Did the 500 not also have this engraving?
Yes, most probably (my T-500 *has* the same engraving - the edging goes a little less deep and is smoother, though). By stating the facts about the engraving I wanted to say that the sax in question is most probably not *older* than the 6 series. The engraving alone doesn't determine the age, of course. The other details seem to be more important - I have my A-6 and T-500 to compare directly, but data available for the A-500 is a bit spotty overall, especially concerning pictures - this is partly due to the fact that a lot of people mistake their 500 horns for 800 horns, which leads to misdocumentation (I've been mislead by that myself). The more sophisticated 880 series altos had the newer bell-to-body brace (a two-point ring brace) for certain, as had the late 500 horns, both alto and tenor, but one can't be certain about the early 500 series.
As to the qualities of the horns, I'd like to elaborate a little: My experience - which is limited to about half a dozen horns hands-on from both the 6 and 500 series - would suggest that the 6 series are the more original and resourceful horns, but the 500 series' aren't bad by any means. Just a little less exciting tone-wise, but at least equally well built. The 6 and 500 tenors I played side by side were pretty similar, though, with only a slight edge for the 6 that didn't justify the swap. On the other hand, I compared both a A-901 and A-992 to my A-6 and I was astonished by the huge sound I got out of the A-6 - in fact, the 992 appears to be quite a different horn, i.e. it has distinctly different merits, while the 901 is more of a direct descendant. Both new horns appear to be beefier and heavier, the keywork is very slick and well thought through (though the A-6's is by no means bad and very positive, if a little less sturdy and well layed out). But they also sounded a little less lively, though more refined, especially the 992, which clearly offers a rounder and lusher core sound; it was also more neutral and less powerful when pushed. The 901 was fun to play, very responsive and noticeably brighter than the 992, but again, it didn't match the A-6's sheer power and tonal flexibility. Bottom line: The 901 is surely one of the most price-worthy new altos out there, while the 992 is certainly one of the best and most versatile ones. But the A-6 has more character and certainly power than both of them.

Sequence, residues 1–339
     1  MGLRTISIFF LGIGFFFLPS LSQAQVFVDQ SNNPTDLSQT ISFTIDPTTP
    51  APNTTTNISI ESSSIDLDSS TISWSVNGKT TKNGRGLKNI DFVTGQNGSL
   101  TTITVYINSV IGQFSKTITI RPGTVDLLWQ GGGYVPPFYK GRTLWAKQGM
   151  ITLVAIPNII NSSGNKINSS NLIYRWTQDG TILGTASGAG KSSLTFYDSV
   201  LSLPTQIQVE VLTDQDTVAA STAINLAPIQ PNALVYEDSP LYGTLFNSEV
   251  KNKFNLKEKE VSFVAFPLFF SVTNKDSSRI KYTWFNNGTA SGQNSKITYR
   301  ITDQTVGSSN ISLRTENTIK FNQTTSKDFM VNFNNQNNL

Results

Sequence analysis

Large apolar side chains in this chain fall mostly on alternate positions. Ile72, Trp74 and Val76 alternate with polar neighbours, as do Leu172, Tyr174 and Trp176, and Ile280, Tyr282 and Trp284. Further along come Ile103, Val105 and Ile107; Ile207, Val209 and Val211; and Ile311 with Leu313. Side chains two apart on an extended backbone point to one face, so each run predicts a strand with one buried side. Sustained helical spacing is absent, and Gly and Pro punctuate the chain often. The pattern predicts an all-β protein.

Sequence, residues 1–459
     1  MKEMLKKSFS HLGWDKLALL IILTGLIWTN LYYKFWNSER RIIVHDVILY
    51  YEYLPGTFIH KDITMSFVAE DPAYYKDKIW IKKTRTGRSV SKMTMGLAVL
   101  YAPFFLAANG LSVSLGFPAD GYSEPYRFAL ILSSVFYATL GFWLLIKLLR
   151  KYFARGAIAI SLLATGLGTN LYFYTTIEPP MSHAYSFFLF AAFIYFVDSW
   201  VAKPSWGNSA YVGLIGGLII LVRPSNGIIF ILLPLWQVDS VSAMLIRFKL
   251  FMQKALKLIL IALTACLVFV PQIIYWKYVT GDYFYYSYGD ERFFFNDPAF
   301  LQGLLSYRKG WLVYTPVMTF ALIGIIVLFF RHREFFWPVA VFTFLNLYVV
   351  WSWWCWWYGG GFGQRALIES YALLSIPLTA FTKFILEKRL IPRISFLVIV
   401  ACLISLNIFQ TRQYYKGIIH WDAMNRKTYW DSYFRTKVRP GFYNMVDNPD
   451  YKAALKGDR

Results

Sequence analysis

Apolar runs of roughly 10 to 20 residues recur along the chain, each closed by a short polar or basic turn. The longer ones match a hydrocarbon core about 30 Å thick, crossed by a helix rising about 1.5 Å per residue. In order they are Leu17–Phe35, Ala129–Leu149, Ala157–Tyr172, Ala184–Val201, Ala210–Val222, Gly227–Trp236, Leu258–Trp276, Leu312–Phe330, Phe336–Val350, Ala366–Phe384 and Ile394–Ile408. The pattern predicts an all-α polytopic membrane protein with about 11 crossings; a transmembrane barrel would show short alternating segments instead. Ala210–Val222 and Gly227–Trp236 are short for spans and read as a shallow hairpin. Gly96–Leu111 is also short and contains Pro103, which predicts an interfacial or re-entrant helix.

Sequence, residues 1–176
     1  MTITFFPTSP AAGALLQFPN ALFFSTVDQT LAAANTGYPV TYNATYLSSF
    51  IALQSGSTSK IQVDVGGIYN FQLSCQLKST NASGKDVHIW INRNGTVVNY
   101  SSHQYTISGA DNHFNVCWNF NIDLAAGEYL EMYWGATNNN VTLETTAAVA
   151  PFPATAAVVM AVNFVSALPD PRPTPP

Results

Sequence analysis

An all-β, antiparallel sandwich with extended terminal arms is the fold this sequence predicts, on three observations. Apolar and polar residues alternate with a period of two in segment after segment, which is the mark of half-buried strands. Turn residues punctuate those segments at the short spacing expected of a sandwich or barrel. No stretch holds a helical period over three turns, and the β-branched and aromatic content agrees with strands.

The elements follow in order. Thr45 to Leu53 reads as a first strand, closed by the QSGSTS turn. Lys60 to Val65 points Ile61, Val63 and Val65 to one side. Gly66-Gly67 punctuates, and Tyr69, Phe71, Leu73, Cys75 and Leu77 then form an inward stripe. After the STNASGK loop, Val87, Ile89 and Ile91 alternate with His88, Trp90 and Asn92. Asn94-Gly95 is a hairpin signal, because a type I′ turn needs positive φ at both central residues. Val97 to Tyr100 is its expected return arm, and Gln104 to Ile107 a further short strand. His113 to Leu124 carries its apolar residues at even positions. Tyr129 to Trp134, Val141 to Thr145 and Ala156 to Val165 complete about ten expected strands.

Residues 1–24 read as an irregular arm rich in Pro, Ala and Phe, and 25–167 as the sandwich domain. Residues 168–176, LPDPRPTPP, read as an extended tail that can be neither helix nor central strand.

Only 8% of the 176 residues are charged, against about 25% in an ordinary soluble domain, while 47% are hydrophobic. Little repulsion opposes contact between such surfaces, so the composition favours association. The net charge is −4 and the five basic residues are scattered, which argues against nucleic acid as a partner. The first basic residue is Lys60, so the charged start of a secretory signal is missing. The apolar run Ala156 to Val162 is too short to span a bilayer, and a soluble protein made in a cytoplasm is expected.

At $700, a well kept A-6 is a no-brainer - except if you want to use it for classical playing; this'd probably mean you'd have to look for a suitable mouthpiece to tame it (which, in a way, would be a pity).